Unit-linked insurance schemes are life insurance
11 April 2001
It is a well-known fact that insurance companies rake in huge income from investments. And now, to prevent private life insurers from engaging in mutual fund operations under the guise of life insurance, the unit-linked life insurance business is to be brought under the definition of life insurance business, in letter and spirit.
This is one of the main recommendations of the Reserve Bank of India's (RBI) advisory group on insurance regulation. The group, headed by Mr. R. Ramakrishnan, consulting actuary and a member of the Malhotra Committee on Insurance Reforms, recently submitted its final report to the RBI. It may be recalled that the committee had given its first report some time ago.
The country's central bank had set up this group to chalk out ways to align India's insurance regulations/practices with those of international standards, to periodically review the status on progress and to make available reports to all concerned in public and private sectors.
While in India there are virtually no linked life insurance dealings, at the international level this is a fully developed business. Some life insurers engage in pure mutual fund operations by incorporating a token life cover in their schemes, the report adds.
As it is unclear whether the Insurance Regulatory and Development Authority (IRDA) or the Securities and Exchange Board of India (Sebi) would be regulating the unit-linked insurance schemes, the committee calls for a close co-ordination between the two regulatory bodies to have an efficient unit-linked insurance business.
While the Indian standard relating to the estimation of loss reserve is at par with the international norms, the advisory group observes some marginal gaps in calculation of unearned premium reserve in respect of the general insurance sector. Unearned premium is the amount of premium estimated to cover the risk during the balance policy period falling after the balance sheet date.
The advisory group is of the view that the European directives relating to unearned premium reserve are scientific in nature as they ensure taking into account the distribution of business during the year. As per this norm, the unearned premium reserve is shown for each class of business according to the month of policy issue in the case of gross premiums and according to amounts paid for reinsurance in case of net premiums.
As per IRDA regulations, unearned premium reserve would be 50 per cent of the net (of reinsurance) premium for all classes of business, except marine hull business for which it is 100 per cent. The RBI committee notes that the Indian system does not take into account the distribution of business during the year and is more "empirical" in nature.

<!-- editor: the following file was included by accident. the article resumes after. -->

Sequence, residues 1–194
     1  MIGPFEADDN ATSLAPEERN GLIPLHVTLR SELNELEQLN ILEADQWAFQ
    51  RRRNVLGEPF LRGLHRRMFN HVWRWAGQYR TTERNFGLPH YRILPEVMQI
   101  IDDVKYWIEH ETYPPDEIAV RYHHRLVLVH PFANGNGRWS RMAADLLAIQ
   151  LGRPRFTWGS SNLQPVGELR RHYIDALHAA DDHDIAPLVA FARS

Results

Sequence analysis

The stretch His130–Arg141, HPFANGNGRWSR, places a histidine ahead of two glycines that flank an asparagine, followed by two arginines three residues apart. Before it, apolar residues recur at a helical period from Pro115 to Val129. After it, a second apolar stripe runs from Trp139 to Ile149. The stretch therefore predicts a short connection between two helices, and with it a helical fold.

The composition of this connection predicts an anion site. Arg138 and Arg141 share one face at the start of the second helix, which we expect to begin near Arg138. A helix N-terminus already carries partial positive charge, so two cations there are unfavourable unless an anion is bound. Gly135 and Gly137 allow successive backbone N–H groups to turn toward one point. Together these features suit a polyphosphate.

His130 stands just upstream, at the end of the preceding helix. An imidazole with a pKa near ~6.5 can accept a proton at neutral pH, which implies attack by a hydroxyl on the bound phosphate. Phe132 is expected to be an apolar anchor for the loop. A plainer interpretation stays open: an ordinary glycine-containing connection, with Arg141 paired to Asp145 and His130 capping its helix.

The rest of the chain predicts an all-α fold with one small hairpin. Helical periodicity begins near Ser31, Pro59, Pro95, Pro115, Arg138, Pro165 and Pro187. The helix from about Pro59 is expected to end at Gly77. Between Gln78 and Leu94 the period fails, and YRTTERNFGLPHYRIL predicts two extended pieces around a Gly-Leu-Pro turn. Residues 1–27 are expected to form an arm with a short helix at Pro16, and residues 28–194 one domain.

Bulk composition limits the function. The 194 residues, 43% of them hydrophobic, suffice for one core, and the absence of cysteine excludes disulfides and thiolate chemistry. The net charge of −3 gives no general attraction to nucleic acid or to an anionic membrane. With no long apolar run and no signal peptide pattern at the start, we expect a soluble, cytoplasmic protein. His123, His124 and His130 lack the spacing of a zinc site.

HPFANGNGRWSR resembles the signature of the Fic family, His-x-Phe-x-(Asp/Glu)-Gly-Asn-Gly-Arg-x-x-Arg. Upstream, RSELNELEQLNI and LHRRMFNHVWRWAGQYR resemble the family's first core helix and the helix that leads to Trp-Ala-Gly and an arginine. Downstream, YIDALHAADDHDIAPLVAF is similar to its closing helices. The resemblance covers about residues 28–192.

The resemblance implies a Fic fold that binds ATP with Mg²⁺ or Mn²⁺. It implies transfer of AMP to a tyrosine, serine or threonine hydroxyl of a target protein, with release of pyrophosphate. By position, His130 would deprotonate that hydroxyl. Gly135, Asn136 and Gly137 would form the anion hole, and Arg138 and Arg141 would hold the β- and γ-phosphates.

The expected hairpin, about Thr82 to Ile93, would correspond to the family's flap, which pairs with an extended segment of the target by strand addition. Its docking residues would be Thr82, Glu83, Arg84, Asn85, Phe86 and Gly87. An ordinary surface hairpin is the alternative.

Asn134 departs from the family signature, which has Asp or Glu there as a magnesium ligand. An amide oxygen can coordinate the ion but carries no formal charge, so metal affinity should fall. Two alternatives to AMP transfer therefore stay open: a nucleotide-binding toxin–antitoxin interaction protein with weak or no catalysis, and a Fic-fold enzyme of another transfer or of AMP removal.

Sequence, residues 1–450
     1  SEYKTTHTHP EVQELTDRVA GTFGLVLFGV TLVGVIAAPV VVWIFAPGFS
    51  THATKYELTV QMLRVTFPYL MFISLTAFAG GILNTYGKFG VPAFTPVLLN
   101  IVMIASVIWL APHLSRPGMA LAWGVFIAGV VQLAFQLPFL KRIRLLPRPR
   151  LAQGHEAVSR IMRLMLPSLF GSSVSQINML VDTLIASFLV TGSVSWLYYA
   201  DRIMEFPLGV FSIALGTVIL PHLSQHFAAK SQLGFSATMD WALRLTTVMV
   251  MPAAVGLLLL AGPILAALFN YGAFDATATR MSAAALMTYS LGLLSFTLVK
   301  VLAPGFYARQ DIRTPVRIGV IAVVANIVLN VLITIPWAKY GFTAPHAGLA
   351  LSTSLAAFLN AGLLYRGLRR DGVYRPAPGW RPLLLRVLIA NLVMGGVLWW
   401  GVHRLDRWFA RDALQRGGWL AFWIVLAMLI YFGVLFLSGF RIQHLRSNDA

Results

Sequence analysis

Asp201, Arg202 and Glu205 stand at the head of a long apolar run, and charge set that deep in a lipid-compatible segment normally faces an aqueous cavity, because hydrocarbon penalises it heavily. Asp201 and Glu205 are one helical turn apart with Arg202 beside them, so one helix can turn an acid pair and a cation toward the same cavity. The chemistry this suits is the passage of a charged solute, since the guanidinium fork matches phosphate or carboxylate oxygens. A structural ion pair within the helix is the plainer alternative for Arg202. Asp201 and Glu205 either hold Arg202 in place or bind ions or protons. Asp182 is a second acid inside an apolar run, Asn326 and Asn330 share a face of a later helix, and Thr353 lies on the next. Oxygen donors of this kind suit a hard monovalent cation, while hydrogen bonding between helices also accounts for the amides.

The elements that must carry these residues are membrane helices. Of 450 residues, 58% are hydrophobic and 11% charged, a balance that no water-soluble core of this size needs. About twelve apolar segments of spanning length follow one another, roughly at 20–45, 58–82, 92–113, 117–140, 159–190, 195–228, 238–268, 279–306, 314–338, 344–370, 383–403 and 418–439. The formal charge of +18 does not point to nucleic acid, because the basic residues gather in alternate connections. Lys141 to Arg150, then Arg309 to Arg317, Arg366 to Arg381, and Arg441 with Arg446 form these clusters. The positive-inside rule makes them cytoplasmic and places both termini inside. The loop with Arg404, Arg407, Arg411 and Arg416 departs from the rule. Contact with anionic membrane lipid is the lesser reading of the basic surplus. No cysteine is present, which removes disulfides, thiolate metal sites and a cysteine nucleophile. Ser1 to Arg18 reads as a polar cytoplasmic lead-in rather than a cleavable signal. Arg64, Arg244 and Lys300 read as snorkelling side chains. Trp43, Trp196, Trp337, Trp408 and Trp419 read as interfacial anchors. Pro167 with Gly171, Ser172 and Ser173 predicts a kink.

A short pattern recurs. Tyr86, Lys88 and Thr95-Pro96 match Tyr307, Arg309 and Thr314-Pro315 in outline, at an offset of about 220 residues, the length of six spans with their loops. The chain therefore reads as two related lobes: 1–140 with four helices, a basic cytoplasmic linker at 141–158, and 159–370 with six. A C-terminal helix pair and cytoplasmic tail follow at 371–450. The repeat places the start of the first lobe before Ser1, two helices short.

Similarly, the group cites the absence of appropriate Indian standards in setting up of a catastrophe reserve that is at par with international norms. A catastrophe could cause serious financial strain on non-life insurers unless adequate reserves are built systematically over a period of time.
IRDA has to spell out the overall maximum and maximum annual transfers to such a reserve. Further, the utilisation of this reserve in case of adverse financial results of the insurer caused by a catastrophe (and not supported by reinsurance recovery) has not, however, been clearly indicated, states the committee.
According to the advisory group, IRDA could also recommend allowing such additions to the reserve of pre-tax profits, as is being allowed in many countries and not out of post-tax profits as stated by the regulatory body.
The group also states that the recommendations of the Mukherji Committee report on solvency margins and methods of valuation of assets and liabilities of insurance companies in India may be referred to in this connection.
In respect of investment norms prescribed under the Insurance Act, 1938, and the IRDA (Investment) Regulations, 2000, the advisory group opines that the norms are fairly reasonable viewed in the context of the country's investment climate and as insurers' duty towards the society. On the other hand, the group feels that the solvency margin requirements are bit stringent.
Rating the Indian regulations relating to taxation of life insurers to be "simplest and at par with international norms", the group notes that the same cannot be said in respect of the general insurance sector where the Indian standard is "marginally below" that of the international one.